The Google Nexus 5 is hands down the best unlocked smartphone available, combining high-end specs and a pure Android experience with an unbelievably low price. In the U.S., though, the unlocked Nexus 5 only plays nice with T-Mobile and AT&T’s networks. If you want to take advantage of Sprint’s unlimited data plans and network, you’ll have to go through the carrier to get Google’s flagship phone. The Sprint Nexus 5 is still an incredible device that showcases everything that Android has to offer, but at $149.99 with a two-year contract or $449.99 without for the 16GB model, it’s not quite the home-run deal it is as an unlocked device.
We’ve already reviewed the unlocked Nexus 5, so head on over to that review for a full rundown on the design and features. The Sprint version is physically identical so we’ll focus on the carrier differences for this review.
Network and Call Quality
The Nexus 5 runs on Sprint’s CDMA (850/1900MHz) and LTE (800/1900/2500MHz) networks with support for the company’s new tri-band Spark LTE. In my tests in New York City I saw the Nexus 5 achieve up to 19Mbps down and around 2-6Mbps up when connected to LTE. That’s a pretty impressive result, especially considering network congestion is starting to drag down Verizon and AT&T LTE speeds in the same location. Sprint’s Spark LTE is only available in a few select locations, but where it is, we’ve seen speeds upwards of 30Mbps.
Note: The slideshow below is of the unlocked Nexus 5, which is physically identical to the Sprint Nexus 5.
Call quality is a mixed bag, as transmissions through the mic sound full and natural, but voices in the earpiece tend to sound muffled. Maximum volume is also a bit low for my tastes, though noise cancellation was pretty effective, blocking out a loud school bus engine rumbling in the background. In our tests, the Nexus 5 lasted 12 hours, 17 minutes of continuous talk time, which is less than the 14 hours, 43 minutes of the unlocked version, but still a respectable result.
Though it’s sold through Sprint, this is a Nexus device, so bloatware and modifications are non-existent. No Sprint Zone, no NASCAR tie-ins, no nothing. It’s a beautiful thing. You also get the same pure build of Android 4.4.2 “Kit Kat” and Nexus Experience launcher as the unlocked version.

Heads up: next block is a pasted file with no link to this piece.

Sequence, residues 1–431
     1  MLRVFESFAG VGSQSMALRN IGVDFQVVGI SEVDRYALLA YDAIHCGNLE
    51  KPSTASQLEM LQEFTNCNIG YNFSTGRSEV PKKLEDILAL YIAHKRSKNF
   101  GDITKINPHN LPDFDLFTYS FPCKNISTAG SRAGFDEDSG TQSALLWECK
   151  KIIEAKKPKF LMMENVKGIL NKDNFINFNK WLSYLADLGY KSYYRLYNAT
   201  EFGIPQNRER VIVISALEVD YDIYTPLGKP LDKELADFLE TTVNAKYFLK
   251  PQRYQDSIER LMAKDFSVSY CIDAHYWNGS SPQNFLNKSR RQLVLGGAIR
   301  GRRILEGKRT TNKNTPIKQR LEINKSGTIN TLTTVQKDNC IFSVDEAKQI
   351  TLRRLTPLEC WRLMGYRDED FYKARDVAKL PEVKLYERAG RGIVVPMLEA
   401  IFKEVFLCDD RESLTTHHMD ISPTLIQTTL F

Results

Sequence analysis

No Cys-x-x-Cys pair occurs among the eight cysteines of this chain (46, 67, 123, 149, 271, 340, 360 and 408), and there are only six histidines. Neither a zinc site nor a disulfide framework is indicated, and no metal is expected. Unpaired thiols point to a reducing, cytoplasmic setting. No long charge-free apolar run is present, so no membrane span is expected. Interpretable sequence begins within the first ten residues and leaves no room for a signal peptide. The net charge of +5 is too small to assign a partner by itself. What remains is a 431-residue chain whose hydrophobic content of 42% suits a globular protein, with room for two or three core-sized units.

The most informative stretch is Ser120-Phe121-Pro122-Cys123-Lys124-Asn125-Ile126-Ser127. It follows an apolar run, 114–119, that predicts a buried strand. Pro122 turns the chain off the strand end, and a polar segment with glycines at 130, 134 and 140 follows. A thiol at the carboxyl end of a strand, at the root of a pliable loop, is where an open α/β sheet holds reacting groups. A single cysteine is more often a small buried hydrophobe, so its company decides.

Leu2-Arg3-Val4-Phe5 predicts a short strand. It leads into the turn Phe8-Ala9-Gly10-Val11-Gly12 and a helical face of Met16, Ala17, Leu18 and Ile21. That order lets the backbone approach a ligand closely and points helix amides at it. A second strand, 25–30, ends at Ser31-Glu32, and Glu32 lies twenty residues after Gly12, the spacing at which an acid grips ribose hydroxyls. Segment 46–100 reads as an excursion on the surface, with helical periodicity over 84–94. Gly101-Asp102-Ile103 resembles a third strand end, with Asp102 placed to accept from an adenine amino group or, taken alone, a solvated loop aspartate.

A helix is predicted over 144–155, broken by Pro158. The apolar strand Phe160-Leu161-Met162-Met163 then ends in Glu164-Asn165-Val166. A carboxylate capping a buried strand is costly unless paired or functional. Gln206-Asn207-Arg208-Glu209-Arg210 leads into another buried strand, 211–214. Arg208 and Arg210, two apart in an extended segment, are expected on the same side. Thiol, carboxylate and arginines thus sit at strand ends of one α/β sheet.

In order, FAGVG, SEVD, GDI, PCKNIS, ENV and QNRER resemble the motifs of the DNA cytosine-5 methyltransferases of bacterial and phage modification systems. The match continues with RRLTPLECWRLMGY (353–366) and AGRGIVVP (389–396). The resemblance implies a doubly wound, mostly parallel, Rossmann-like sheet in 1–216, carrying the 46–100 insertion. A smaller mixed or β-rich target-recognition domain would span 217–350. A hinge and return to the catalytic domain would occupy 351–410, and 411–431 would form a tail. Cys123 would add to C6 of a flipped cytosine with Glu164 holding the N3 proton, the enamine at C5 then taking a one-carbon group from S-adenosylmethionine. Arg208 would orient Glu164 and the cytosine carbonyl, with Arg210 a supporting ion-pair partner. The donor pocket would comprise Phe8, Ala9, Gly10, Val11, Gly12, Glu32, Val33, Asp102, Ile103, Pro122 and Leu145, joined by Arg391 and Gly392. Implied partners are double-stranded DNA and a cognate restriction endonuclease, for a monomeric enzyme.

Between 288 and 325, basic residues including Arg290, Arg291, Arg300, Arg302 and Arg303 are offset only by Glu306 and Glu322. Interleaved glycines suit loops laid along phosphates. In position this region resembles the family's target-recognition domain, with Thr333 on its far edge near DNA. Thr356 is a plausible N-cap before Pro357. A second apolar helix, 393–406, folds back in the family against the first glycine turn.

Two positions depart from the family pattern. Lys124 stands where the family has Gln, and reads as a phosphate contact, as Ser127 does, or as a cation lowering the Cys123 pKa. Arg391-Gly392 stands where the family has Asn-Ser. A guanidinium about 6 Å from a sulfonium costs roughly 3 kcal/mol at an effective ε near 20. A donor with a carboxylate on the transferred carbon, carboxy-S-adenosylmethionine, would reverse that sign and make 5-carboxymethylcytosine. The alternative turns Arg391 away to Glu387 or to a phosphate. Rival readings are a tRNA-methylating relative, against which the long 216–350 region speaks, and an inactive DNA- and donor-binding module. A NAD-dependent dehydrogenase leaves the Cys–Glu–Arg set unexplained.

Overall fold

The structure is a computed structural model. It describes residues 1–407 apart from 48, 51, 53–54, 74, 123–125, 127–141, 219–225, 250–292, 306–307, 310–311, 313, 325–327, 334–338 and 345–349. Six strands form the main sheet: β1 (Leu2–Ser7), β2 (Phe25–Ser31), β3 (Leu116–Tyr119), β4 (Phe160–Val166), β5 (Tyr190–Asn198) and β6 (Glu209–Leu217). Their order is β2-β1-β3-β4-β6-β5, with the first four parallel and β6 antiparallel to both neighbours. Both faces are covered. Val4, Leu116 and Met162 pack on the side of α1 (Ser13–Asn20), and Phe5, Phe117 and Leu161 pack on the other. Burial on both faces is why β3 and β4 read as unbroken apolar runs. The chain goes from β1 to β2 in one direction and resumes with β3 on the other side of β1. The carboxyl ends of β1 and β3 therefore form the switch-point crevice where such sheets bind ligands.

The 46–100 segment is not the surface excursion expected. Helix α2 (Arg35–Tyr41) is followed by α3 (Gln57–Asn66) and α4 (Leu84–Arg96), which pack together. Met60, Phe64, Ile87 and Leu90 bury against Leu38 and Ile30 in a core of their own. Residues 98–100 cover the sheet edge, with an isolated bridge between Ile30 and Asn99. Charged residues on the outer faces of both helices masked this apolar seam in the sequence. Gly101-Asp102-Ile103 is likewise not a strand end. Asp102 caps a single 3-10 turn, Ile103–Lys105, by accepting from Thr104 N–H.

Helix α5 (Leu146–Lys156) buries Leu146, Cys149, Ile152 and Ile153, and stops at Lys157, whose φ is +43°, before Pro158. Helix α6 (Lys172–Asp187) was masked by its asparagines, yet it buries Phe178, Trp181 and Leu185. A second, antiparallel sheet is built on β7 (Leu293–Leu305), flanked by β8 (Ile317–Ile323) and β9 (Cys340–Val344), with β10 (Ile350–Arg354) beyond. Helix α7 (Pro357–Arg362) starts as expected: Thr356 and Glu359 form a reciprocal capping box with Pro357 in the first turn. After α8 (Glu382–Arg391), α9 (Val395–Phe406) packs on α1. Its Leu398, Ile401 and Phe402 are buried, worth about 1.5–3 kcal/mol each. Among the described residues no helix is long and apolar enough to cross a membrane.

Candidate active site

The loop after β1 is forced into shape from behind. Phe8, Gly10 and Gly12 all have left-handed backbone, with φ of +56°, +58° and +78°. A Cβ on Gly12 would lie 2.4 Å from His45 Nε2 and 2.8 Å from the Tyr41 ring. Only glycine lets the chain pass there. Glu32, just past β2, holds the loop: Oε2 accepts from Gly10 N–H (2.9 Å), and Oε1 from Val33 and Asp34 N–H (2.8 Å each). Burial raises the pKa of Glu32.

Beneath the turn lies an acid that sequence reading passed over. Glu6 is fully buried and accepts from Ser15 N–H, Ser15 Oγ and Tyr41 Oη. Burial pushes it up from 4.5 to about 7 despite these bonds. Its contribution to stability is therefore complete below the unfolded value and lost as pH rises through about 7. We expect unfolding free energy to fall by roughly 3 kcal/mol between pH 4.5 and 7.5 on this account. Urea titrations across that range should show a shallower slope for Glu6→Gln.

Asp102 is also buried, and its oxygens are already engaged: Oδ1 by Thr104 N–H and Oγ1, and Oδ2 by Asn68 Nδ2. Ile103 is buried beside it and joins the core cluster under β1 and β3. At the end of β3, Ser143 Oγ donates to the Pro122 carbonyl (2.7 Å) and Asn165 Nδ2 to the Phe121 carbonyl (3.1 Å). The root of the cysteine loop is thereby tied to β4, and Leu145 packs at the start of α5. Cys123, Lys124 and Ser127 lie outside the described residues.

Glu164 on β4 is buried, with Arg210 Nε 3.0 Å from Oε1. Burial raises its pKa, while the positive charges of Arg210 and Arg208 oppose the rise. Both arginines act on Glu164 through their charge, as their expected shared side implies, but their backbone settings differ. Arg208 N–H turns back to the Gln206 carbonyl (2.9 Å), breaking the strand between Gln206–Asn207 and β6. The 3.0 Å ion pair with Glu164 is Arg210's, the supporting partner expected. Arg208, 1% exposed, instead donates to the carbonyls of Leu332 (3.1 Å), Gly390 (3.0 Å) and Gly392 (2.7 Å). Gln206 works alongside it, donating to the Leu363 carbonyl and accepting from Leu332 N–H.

When Google took the wraps off the unlocked Nexus 5, the $350 price tag made it a no-brainer for Android enthusiasts unencumbered by carrier contracts. On Sprint, though, it’s a bit more complicated. You have two options for buying the Nexus 5: $150 with a two-year contract or $450 outright for the 16GB model only. That’s a $100 markup over the unlocked version, but the subsidized price is even more puzzling. As of this writing, Sprint offers the Samsung Galaxy S4 or the Motorola Moto X for $100 and the LG G2 for free with two-year contracts. Granted, none of these are running stock Android, but there are very real arguments to be made for manufacturer skins these days. The Moto X, for instance, offers a close-to-stock build of Android with useful additions like Active Notifications and touchless controls from sleep. The G2 is, on a hardware level, nearly identical to the Nexus 5, but sports a bigger battery, sharper camera, and larger storage capacity. The Nexus 5 is still among the best Android smartphones on Sprint, but with the carrier’s pricing scheme leveling the playing field, it’s no longer the best bang for your buck.
|Phone Capability / Network||GSM, CDMA, LTE|
|Screen Resolution||1920 x 1080 pixels|
|Dimensions||5.43 x 2.72 x 0.34 (HWD) inches|
|Video Camera Resolution||1080p|
|Battery Life (As Tested)||12 hours, 17 minutes|
|Available Integrated Storage||12.55 GB|
|Processor Speed||2.26 GHz|
|CPU||Qualcomm Snapdragon 800 Quad-Core|
|Total Integrated Storage||16 GB|
|High-Speed Data||EDGE, LTE|
|Screen Type||IPS LCD|
|Operating System as Tested||Android 4.4|
|Camera Resolution||8-Megapixel Rear|
|Screen Pixels Per Inch||445 ppi|
|Bands||800, 850, 1900, 2500|
|Form Factor||Candy Bar|
|Screen Size||4.95 inches|
Copyright © 2012 Ziff Davis, Inc